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How to Protect Pets and Community Cats from the Winter Elements


1. Prevent Dry and Itchy Skin

  • Keep a towel by the door and always dry your pet when they come in from the outside.
  • Bathe as little as possible so your pet maintains their coat’s natural oils, and when you do bathe, use a moisturizing shampoo or rinse.
  • Talk to your vet about a special shampoo or treatment for irritated skin.

2. Safeguard Pets from Chemicals

  • Use pet-friendly ice melts whenever possible.
  • Clean any spills from your vehicle thoroughly – antifreeze is fatally poisonous for dogs and cats.

3. Keep Pets Warm and Cozy

  • Never shave your pet down to their skin in the winter as their coat provides much-needed warmth.
  • If your dog is long-haired, trim their fur to prevent clinging ice or snow clumps, and for shorter-haired pets, cozy them into a jacket or sweater.
  • It’s okay to feed pets a little extra in the winter as colder temperatures cause their bodies to burn energy faster.
  • Keep their beds away from drafty areas and, if the floor is cold, make sure they have a place to sleep off the floor.

4. Protect those Paws

  • Before going outside, massage petroleum jelly or another paw protectant into paw pads.
  • Booties provide extra warmth as well as extra protection from salt or ice becoming lodged between bare toes.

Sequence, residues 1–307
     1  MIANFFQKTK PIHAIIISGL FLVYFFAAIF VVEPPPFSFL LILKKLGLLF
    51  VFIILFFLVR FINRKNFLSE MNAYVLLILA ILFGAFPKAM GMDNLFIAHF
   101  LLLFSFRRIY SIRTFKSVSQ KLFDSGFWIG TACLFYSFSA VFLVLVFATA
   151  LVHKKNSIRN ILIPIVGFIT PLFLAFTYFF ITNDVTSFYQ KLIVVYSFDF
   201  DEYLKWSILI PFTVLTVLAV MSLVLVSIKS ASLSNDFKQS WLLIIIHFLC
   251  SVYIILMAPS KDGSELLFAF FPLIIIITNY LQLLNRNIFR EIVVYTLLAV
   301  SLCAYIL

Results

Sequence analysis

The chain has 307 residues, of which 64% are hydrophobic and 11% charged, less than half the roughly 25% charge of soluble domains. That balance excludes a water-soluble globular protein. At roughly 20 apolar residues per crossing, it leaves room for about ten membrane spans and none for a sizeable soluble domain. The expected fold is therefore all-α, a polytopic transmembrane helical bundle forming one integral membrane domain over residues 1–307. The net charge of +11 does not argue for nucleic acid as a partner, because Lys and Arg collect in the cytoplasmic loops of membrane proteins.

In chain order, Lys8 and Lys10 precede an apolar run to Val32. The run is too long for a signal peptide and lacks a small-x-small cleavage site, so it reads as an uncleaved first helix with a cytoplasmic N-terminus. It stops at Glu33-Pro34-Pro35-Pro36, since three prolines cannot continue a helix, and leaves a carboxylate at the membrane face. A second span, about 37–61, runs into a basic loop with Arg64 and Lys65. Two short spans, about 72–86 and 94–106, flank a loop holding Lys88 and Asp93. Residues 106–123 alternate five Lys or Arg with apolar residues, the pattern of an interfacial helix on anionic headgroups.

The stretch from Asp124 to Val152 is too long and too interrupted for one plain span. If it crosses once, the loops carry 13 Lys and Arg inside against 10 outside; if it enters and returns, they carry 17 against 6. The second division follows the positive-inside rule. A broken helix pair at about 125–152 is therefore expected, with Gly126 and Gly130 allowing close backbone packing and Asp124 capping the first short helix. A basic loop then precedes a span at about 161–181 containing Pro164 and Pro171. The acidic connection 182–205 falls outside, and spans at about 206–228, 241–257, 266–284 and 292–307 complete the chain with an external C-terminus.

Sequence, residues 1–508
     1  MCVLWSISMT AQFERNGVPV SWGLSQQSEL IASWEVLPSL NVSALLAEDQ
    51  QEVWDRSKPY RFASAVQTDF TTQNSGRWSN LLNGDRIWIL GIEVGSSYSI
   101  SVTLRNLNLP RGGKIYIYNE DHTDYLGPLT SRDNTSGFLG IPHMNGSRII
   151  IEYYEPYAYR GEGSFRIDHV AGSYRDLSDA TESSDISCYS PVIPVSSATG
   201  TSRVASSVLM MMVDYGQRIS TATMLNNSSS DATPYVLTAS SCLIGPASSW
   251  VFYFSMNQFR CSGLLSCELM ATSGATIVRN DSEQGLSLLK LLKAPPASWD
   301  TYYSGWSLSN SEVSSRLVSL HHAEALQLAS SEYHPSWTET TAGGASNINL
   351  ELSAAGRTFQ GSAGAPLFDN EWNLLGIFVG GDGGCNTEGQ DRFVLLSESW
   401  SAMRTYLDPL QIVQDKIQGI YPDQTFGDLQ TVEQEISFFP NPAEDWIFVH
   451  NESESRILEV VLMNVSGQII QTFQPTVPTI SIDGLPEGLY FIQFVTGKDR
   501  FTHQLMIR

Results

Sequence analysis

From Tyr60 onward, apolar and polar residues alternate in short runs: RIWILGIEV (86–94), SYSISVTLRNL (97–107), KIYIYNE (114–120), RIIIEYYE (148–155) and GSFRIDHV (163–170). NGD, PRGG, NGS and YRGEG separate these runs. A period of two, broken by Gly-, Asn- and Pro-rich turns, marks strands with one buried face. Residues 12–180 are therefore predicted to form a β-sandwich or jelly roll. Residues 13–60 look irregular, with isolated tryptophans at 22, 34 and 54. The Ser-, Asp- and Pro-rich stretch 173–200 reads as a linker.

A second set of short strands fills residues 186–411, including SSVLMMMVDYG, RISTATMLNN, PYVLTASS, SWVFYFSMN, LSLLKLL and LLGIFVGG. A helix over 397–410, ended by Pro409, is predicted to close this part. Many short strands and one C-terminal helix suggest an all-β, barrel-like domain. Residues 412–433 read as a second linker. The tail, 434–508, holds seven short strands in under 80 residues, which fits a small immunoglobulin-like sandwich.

• After walks, wash and dry your pet’s paws and stomach to remove ice, salt, and chemicals.


Community Cats

1. Build or Buy a Shelter

  • While many outdoor cats can find shelter on their own, it is very helpful to provide a warm, dry shelter where they can secure protection from harsh elements. You can always buy a heated cat shelter on Amazon, or you can build one yourself. Take a waterproof foam cooler, drill a tiny hole in one of the bottom corners, and cut a small opening in the side for the doorway. Line the cooler with a thick layer of straw and place the lid on the cooler. (Be sure to use straw, which will insulate the shelter and repel moisture, and not hay, which will become cold, soggy, and can grow mold quickly.) Place the shelter outside and raised off the ground with wood boards. Also be sure to angle the shelter on a slight slant so any water that comes inside can drain out through the hole you drilled and so that snow cannot pile on top of the shelter. You can find instructions and tips for creating a community cat shelter online through the ASPCA or Alley Cat Allies! 

2. Offer Plenty of Food and Water

  • All animals, especially those who live outdoors, need extra food and water during the winter months to maintain their bodies’ energy and stay warm and hydrated. Wet food is great because it requires less energy from the cat to digest, but it should be served out of plastic containers to decrease the chance of freezing.
  • To keep food and water from freezing, use bowls that are deep rather than wide, place them in the sun, spray insulation on the underside of dishes, use heated bowls, or create a feeding station just as you would create a shelter.

3. Keep Up with TNR

  • Most kittens are born in late winter and early spring, and continuing TNR efforts over the winter is the best way to prevent these litters. To accommodate for winter trapping, insulate your traps, bait cats with oil-based food, and be sure the holding area is warm and dry, both pre- and post-surgery.
  • Do not leave traps unattended, and do not trap if dangerous weather is in the forecast.